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(CNSNews.com) -- The National Institute of Alcohol Abuse and Alcoholism (NIAA), a part of the National Institutes of Health (NIH), will pay $2.6 million in U.S. tax dollars to train Chinese prostitutes to drink responsibly on the job.

Dr. Xiaoming Li, the researcher conducting the program, is director of the Prevention Research Center at Wayne State University School of Medicine in Detroit.

The grant, made last November, refers to prostitutes as "female sex workers"--or FSW--and their handlers as "gatekeepers."

"Previous studies in Asia and Africa and our own data from FSWs [female sex workers] in China suggest that the social norms and institutional policy within commercial sex venues as well as agents overseeing the FSWs (i.e., the 'gatekeepers', defined as persons who manage the establishments and/or sex workers) are potentially of great importance in influencing alcohol use and sexual behavior among establishment-based FSWs," says the NIH grant abstract submitted by Dr. Li.

"Therefore, in this application, we propose to develop, implement, and evaluate a venue-based alcohol use and HIV risk reduction intervention focusing on both environmental and individual factors among venue-based FSWs in China," says the abstract.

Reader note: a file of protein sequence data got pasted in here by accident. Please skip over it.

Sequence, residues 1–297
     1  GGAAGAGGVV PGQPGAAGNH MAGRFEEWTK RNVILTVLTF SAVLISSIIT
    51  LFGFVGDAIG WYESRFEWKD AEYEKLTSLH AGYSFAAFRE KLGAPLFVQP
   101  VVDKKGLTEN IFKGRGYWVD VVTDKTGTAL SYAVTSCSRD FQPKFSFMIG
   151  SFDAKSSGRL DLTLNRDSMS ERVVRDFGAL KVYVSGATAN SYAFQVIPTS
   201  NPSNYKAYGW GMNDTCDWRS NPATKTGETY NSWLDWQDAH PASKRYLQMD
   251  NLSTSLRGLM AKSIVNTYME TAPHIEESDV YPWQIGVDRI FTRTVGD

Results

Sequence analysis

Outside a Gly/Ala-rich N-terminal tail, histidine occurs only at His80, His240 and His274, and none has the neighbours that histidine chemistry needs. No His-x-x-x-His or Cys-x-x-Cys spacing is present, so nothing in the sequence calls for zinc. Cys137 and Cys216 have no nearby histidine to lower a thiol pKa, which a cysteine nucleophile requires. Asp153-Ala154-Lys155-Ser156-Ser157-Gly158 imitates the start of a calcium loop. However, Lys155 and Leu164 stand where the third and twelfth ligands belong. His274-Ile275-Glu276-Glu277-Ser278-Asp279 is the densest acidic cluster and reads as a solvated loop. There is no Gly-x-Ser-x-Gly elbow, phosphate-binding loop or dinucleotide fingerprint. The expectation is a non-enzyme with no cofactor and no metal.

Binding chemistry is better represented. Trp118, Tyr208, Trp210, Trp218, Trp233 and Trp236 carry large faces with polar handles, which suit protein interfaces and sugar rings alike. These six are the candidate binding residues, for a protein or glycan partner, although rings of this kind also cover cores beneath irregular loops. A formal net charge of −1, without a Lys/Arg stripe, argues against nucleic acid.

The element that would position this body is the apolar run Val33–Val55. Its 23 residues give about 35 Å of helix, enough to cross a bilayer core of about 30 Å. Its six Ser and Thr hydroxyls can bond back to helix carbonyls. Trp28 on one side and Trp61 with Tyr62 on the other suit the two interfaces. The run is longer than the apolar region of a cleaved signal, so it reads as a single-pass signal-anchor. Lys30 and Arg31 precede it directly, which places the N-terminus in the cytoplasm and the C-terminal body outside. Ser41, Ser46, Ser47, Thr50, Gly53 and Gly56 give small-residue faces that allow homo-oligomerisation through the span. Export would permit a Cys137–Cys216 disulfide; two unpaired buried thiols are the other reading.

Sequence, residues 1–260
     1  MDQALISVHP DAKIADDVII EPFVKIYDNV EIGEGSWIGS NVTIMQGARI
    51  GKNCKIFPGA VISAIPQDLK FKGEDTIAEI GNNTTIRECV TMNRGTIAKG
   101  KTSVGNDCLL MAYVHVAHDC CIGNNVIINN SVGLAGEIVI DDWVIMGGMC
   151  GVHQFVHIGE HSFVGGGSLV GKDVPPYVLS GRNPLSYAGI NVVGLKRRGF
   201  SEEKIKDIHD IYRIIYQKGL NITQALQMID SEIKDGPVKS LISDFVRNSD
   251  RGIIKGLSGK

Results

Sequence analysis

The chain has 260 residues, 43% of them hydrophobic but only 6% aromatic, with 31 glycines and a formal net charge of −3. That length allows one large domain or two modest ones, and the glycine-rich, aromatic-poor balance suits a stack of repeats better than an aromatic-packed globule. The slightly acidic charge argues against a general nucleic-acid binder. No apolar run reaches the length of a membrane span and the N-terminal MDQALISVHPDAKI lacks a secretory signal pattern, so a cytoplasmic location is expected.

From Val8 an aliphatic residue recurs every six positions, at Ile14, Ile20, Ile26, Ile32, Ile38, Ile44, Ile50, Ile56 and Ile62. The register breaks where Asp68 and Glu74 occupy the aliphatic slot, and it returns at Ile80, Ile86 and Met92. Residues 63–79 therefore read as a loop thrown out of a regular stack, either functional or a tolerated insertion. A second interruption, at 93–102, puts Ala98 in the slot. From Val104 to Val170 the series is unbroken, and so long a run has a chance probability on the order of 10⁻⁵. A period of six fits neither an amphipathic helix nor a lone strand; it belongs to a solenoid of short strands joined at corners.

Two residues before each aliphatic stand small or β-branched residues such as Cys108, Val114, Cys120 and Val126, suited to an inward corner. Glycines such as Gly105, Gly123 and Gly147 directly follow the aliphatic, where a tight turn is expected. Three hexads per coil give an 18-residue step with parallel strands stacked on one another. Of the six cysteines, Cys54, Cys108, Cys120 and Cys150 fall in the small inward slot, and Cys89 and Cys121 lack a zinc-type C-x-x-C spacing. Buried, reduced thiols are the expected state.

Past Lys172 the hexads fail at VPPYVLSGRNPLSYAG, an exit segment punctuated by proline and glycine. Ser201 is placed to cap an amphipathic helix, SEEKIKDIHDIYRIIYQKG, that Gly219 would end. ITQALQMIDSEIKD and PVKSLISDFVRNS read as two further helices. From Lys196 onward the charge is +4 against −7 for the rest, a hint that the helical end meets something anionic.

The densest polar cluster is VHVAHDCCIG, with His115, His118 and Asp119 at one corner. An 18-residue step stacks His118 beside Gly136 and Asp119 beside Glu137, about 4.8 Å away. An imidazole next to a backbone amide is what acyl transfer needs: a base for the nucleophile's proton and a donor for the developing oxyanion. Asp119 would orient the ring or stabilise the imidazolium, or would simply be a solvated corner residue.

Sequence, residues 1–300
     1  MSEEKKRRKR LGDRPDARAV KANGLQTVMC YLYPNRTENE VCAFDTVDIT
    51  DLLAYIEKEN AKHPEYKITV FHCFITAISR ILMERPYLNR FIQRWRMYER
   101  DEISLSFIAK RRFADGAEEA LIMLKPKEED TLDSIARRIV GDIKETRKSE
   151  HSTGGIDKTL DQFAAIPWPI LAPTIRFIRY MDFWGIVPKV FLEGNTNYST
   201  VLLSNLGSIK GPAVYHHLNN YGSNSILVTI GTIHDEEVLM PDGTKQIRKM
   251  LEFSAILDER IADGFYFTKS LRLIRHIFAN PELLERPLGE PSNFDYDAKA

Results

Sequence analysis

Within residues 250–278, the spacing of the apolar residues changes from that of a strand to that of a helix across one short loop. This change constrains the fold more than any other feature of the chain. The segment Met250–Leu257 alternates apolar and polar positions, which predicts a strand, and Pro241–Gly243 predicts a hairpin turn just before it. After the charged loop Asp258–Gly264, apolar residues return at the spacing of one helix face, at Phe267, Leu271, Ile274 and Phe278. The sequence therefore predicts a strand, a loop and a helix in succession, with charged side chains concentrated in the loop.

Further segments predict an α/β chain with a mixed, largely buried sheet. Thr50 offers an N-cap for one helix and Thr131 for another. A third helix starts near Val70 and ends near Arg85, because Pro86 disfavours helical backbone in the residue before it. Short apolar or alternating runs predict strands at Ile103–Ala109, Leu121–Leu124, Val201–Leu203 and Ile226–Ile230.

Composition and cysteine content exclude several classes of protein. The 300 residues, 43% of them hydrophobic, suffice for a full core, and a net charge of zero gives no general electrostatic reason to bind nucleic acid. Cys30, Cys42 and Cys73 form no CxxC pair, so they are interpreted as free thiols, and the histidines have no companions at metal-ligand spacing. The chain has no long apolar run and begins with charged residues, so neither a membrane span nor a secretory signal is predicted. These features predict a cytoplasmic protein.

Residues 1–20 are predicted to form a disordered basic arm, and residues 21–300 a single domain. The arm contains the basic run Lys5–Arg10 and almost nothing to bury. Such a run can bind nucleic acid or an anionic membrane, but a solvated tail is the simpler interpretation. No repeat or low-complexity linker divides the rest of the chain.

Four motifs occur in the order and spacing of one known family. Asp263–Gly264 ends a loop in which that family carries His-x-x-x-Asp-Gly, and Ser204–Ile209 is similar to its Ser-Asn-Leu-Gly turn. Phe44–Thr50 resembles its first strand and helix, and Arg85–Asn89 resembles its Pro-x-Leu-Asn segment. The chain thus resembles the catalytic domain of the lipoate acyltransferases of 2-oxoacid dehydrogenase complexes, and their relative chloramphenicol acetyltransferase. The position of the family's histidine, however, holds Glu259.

The research will take place in the southern Chinese province of Guangxi.

Guangxi is ranked third in HIV rate among Chna's provinces--and is a place where the sex business is pervasive, Li said.

“The purpose of the project is to try and develop an intervention program targeting HIV risk and alcohol use,” Li told CNSNews.com. “So basically, it’s an alcohol and HIV risk reduction intervention project."

The researcher outlined three components of the intervention program in the abstract for the project:

“(1) gatekeeper training with a focus on changing or enhancing the protective social norms and policy/practice at the establishment level; (2) FSW (female sex workers) training with a focus on the acquisition of communication skills (negotiating, limit setting) and behavioral skills (e.g., condom use skills, consistent condom use); and (3) semi-annual boosters to reinforce both social norms within establishments and individual skills,” wrote Li.

The doctor said the heart of the study involves “a community-based cluster randomized controlled trial among 100 commercial sex venues in Beihai, a costal tourist city in Guangxi.”